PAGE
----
Purpose-Driven Growth


March 24, 2023



The Kansas City region is basking in the global spotlight.

On display are the new Kansas City International Airport, Panasonic’s decision to locate here, the 2023 NFL draft, the first stadium in the world built specifically for a women’s pro sports team, slated to open in early 2024, and the selection of Kansas City to host the World Cup in 2026, among other high-profile projects.

At ACG’s March 24 meeting, with the theme of purpose-driven growth, Tim Cowden, president and CEO of the Kansas City Area Development Council, and Ashley McDonald, managing director of KC Global Design, detailed the region’s recent progress and promise for the near future.

While introducing the speakers, John Shoemaker with CBIZ in Kansas City said Cowden, McDonald and their teams had attracted $7.7 billion of investment in the Kansas City area and 16,000 jobs. Kansas City ranks No, 8 among the hottest job markets in the United States, according to a Wall Street Journal story in April 2022.

Cowden said the state line separating the Kansas City area between Missouri and Kansas actually unifies the area’s purpose-driven growth, driven by regional collaboration. He thinks the reason for the region’s success is this “tremendous” amount of collaboration, cooperation and alignment of mission, though “it hasn’t always been that way.”

“We have to be incredibly intentional to collaborate because of that state line,” he said. “I truly believe it makes us better as a region because of the necessary collaboration. … That’s why KCADC was created. … We don’t care where a company locates within the region,” because the entire region benefits when companies establish a presence here.

For example, the first meeting with Panasonic executives here was held in Kansas City, Missouri, Cowden said. That emphasized for the company’s visiting executives that “you’re going to get the entirety of our region if you come here,” he said. “We don’t care where a company locates within the region. … We are on the cusp of some really cool things.”

Cowden asked the audience which cities Kansas City competes with. Their answers included St. Louis, Nashville, Indianapolis, Austin and Columbus. Kansas City competes with all those cities, he said. And it has in common with them that they all are Kansas City’s size or larger.

More people are moving to the Kansas City area, particularly younger people just out of school, Cowden said. Many of them hadn’t thought of Kansas City as a place to build their careers and lives. But they “feel the vibe, what’s happening in Kansas City.”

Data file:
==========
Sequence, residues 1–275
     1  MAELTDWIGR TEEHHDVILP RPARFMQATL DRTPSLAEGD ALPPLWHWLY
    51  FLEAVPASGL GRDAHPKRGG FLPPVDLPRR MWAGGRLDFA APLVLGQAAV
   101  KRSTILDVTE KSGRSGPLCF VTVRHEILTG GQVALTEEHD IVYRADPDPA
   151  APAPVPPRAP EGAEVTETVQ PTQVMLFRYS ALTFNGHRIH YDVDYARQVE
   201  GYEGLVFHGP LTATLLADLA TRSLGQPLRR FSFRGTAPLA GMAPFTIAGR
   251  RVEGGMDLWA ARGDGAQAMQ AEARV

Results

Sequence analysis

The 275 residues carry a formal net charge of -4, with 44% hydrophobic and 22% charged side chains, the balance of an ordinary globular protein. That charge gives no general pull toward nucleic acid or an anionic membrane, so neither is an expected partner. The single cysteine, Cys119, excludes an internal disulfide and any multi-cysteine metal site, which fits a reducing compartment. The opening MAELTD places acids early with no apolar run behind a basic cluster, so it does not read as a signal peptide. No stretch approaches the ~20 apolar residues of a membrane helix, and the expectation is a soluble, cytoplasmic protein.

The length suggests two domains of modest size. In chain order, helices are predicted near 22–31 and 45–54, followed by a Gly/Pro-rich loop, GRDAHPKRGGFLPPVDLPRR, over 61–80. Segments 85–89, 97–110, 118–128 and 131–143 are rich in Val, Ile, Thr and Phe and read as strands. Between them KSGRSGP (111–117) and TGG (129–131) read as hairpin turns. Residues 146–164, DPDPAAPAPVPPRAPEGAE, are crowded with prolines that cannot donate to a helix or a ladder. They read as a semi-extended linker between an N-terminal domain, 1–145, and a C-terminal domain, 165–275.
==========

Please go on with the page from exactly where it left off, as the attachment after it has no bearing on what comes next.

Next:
The top 10 states from which people are moving to the Kansas City region are: Missouri followed by Kansas, Texas, California, Colorado, Iowa, Florida, Illinois, Nebraska and Arizona.

Kansas City’s focus on architecture, engineering, construction and design—a $24 billion industry—distinguishes the region and led to the birth of KC Global Design, whose goal is to “put Kansas City on the global stage for design,” McDonald said.

She described four key elements of KC Global Design’s mission: awareness, talent, innovation and community.

  • Awareness: More than a billion people saw news coverage of the new, innovative design of KCI.
  • Talent: The region’s company recruiters can promote themselves, their cultures, Kansas City’s lifestyle and its lower cost of living.
  • Innovation: The region boasts numerous examples of innovative design and architecture, engineering and construction in addition to KCI.
  • Community: KC Global Design fosters collaboration in “putting intentionality” around nonprofits and valuing diversity to promote the region’s sense of community.

The Kansas region is home to more than 1,000 large and smaller architecture and engineering firms; has the eighth-largest concentration of this category of companies, a $24 billion industry in the region; employs 70,000 people in the region; and has four design firms headquartered here, No. 1 among the country’s top 25 design firms.

After their presentation, Cowden and McDonald took questions from the audience. One involved the importance of building the region’s labor force. Cowden emphasized and elaborated on its importance.

“We want to bring talent here but all talent needs to be educated,” he said.

That must start in grade school, he said. By 2030, every high school graduate in the Kansas City region will be certified in some specialty.

“It is a fantastic time to be in our region,” Cowden said. “This is the golden era of Kansas City.”